ABOVE PHOTO: Freed Chibok school girls sit during a meeting with Nigeria Vice President ,Yemi Osinbajo, in Abuja,, Nigeria, Thursday, Oct. 13, 2016. Twenty-one of the Chibok schoolgirls kidnapped by Boko Haram more than two years ago were freed Thursday in a swap for detained leaders of the Islamic extremist group — the first release since nearly 300 girls were taken captive in a case that provoked international outrage. (Sunday Aghaeze/Nigeria State House via AP)
By Haruna Umar and Krista Larson
MAIDUGURI, Nigeria — Eighty-three Chibok schoolgirls kidnapped three years ago by Boko Haram extremists in northern Nigeria have been released into military custody, authorities said late Saturday. Family members said they were eagerly awaiting a list of names and “our hopes and expectations are high.”
Before the announcement, 195 of the schoolgirls had remained captive after the first negotiated release of 21 girls in October. At the time, Nigeria’s government said another group of 83 girls would be released “very soon.”
“Huge numbers,” the personal assistant to President Muhammadu Buhari, Bashir Ahmad, tweeted late Saturday.
A Nigerian military official with direct knowledge of the rescue operation said the 83 freed girls were found near the town of Banki in Borno state near Cameroon.
“The location of the girls kept changing since yesterday when the operation to rescue them commenced,” said the official, who spoke on condition of anonymity because he was not authorized to make the announcement.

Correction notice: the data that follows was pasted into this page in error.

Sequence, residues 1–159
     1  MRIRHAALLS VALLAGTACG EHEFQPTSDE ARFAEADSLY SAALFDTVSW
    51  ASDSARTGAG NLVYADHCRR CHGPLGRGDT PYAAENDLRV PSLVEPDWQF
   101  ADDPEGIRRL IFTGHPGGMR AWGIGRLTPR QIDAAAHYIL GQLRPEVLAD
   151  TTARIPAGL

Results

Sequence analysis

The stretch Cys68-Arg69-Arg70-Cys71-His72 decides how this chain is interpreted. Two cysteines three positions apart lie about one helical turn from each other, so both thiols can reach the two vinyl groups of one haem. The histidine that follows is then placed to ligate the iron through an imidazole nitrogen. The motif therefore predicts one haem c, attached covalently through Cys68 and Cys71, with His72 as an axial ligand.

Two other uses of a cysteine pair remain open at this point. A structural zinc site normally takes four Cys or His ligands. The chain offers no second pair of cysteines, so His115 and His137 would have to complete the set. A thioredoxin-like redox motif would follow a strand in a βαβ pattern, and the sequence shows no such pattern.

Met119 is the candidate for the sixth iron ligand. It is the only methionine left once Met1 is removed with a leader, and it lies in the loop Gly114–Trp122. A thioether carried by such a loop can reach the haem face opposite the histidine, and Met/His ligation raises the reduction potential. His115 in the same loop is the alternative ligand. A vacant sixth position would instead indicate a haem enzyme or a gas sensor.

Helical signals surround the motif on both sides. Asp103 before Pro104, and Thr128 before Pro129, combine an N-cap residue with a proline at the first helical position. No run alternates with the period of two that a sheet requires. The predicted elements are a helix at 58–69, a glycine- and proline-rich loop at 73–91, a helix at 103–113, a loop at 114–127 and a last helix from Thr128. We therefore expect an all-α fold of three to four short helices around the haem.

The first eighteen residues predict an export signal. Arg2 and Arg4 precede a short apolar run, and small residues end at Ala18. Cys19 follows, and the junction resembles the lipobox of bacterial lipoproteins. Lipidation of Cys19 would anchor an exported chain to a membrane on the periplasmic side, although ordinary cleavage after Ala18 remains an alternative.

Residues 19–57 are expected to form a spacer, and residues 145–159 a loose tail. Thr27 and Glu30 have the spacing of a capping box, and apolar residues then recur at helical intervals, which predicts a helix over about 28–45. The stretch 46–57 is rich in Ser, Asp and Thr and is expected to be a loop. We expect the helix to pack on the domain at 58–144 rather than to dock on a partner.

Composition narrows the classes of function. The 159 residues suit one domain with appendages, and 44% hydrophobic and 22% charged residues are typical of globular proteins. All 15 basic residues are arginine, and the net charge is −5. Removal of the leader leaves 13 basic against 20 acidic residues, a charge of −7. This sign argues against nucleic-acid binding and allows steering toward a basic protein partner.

The number released could not be independently confirmed by The Associated Press, and there was no official government announcement late Saturday.
On Friday, the United States and Britain issued warnings that Boko Haram was actively planning to kidnap foreigners in an area of Borno state “along the Kumshe-Banki axis.” That’s close to where the Chibok girls were reported to be found.
The 276 schoolgirls kidnapped from Chibok in northern Nigeria in April 2014 are among thousands of people abducted by Boko Haram over the years. The mass abduction shocked the world and put tremendous pressure on Nigeria’s government to counter the extremist group.
Many of the kidnapped girls, most of whom were Christians, were forced to marry the Islamic extremists and became pregnant. Human rights advocates believe others could be among the young girls who have been used to carry out suicide bombing attacks.
The group representing the families of the girls said they were awaiting direct confirmation from the government.
“Our hopes and expectations are high as we look forward to this news being true and confirmed,” said Sesugh Akume with the #BringBackOurGirls campaign.
The Nigerian government has denied that a ransom was paid in the October release and that it freed some detained Boko Haram fighters in exchange for the girls. The negotiations were mediated by the Swiss government and the International Committee of the Red Cross.
At the three-year anniversary of the kidnapping in April, the government said the latest negotiations had “gone quite far” but faced challenges.
Buhari late last year announced Boko Haram had been “crushed,” but the group continues to carry out attacks in northern Nigeria and neighboring countries. Its insurgency has killed more than 20,000 people and driven 2.6 million from their homes, with millions facing starvation.